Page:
ByPaul Donovan, writer at
A jerk with an opinion. An explorer of transgressive cinema. See more things about movies at
Paul Donovan

Note: This article contains pictures and videos of eyeballs doing things that eyeballs aren't meant to do. It's pretty messy.

Horror movies love to include scenes where weird things happen to eyeballs. Usually, the eyeball ends up somewhere besides in the head, where it belongs.

Have you ever wondered what it would be like to really remove an eyeball? I know I have! Probably the most important thing for horror movies to keep in mind to attain any sense of realism is the optic nerve. So, let's take a look at how the optic nerve works in real life versus how it works in horror movies.

The Anatomy

The optic nerve is like a cable of nerve fibers that carry light impulses from the eyeball to a deep part of the brain, which turns the light impulses into what we see. In a way, the eyeball is part of the brain — the part of the brain that sticks out of your head to sense the environment.

So, any realistic eyeball scene in a horror movie must include the optic nerve. Eyeballs don't just pop out of their sockets like marbles. They're connected to the rest of the brain.

The Length Of The Optic Nerve

Even if you're a kid that can pop out your own eyeball, it will only go so far:

The optic nerve is not long, so — as you can see from the weird kid above — even if you could pop your eye out, it wouldn't just hang down on your cheek or go flying across the room. Probably not even if you were possessed.

Eyeball Removal: Movies Vs. Reality

So, as you can guess, horror movies don't care a whole lot about scientific accuracy when somebody or something is trying to damage or remove someone's eyeballs. The goal of the movie is to get you to squirm and shut your eyes, not to learn anything. But incredibly, we do have a couple of actual examples where we can compare the movies to real life.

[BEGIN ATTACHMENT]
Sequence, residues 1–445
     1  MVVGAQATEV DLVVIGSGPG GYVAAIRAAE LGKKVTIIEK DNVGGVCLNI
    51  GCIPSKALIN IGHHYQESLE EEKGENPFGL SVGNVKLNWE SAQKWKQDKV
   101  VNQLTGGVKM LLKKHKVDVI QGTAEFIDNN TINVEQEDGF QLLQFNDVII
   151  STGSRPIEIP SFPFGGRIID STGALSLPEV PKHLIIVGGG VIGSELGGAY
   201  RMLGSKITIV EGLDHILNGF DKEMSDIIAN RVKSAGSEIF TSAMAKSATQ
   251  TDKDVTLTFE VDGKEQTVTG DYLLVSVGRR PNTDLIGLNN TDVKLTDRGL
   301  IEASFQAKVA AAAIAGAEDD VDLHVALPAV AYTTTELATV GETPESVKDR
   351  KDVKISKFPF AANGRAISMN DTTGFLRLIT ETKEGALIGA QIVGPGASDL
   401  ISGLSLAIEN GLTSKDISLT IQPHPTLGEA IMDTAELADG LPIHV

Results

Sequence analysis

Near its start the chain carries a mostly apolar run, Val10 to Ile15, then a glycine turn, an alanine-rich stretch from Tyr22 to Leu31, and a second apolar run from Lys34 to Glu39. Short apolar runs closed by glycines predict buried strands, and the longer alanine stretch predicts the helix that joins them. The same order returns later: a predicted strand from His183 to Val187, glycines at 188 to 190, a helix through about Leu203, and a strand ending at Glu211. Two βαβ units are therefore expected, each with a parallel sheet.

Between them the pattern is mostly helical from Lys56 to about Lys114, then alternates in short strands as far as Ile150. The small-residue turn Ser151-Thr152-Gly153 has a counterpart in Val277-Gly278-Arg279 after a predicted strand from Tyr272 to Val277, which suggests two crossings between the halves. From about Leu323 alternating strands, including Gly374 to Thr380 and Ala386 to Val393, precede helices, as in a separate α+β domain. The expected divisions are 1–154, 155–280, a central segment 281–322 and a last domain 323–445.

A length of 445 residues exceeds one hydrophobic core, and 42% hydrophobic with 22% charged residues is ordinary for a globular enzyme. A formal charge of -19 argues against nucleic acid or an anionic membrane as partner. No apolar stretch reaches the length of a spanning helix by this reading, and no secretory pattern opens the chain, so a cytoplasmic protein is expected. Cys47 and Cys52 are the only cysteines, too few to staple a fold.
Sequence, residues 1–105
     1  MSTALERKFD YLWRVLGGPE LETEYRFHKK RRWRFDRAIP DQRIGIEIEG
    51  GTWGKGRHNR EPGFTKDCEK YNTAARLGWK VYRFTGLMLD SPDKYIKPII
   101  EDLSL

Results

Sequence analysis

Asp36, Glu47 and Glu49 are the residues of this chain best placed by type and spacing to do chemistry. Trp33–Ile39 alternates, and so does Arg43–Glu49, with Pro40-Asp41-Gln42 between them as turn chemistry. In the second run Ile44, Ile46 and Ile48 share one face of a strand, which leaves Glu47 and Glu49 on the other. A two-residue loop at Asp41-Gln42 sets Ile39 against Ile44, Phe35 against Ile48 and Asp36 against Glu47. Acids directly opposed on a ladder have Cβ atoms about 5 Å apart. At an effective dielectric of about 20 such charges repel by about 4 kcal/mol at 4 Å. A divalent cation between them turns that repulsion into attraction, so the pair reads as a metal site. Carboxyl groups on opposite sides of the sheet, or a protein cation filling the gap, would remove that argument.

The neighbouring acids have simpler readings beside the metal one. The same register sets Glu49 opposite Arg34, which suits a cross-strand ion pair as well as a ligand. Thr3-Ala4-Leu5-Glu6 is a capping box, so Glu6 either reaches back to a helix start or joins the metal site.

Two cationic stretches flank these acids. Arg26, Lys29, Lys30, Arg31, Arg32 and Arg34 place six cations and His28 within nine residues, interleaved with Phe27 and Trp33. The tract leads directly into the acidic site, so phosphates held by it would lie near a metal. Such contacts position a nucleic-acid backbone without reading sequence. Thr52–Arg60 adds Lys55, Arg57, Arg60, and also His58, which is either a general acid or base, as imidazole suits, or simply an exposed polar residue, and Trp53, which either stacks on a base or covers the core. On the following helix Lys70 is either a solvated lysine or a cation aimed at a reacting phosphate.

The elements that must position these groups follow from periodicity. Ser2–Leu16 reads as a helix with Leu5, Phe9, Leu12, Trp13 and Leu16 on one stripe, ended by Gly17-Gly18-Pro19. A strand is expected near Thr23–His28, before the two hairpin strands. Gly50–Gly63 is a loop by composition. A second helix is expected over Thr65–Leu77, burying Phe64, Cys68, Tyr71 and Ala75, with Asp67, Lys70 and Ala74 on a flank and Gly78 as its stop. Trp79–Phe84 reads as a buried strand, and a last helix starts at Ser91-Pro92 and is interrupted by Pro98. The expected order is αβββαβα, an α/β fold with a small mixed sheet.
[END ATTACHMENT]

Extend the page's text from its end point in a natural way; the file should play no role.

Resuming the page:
Guinea Pig

The notorious Japanese Guinea Pig series likes eyeballs. Guinea Pig 2: Flowers of Flesh and Blood contains a scene where a guy scoops out a woman's eyeballs with a spoon:

If you are an extremely dumb guy with no common sense, you can actually use a spoon to scoop out your own eyeball. But as you can see below, you still can't get it to come out very far. Compare the two scenes and see for yourself.

The Green Inferno

This scene from The Green Inferno is a good example of how horror movies play it fast and loose when trying to separate an eye from its head. If you watch closely, it looks like the eyeball itself is punctured, but then it's plucked out quickly with fingers. It's a matter of really quick editing. At least the filmmakers showed the optic nerve, even if it doesn't actually come out like that.

The real-life process of removing an eyeball is a much longer, more delicate affair. Luckily for us, the internet can bring us medical videos. For those with strong stomachs and medical curiosity, you can watch this video of an eyeball being surgically removed, and then compare it again to the scene from The Green Inferno.

So, the next time you're watching a horror movie and a monster or a killer or a spoon takes out somebody's eye, pay attention. Compare it to what you know now and decide for yourself how realistic it is.

Oh, by the way, you know how I said that you can't just pop your eye out? Well, there is one exception to that rule. You can do it if your eye is fake.

You've made it through this post, but how will you fare with this one, or this one, or this one?


Do "eyeball scenes" in horror movies upset you?

Sources: Passaic County Community College, Discovery Eye Foundation


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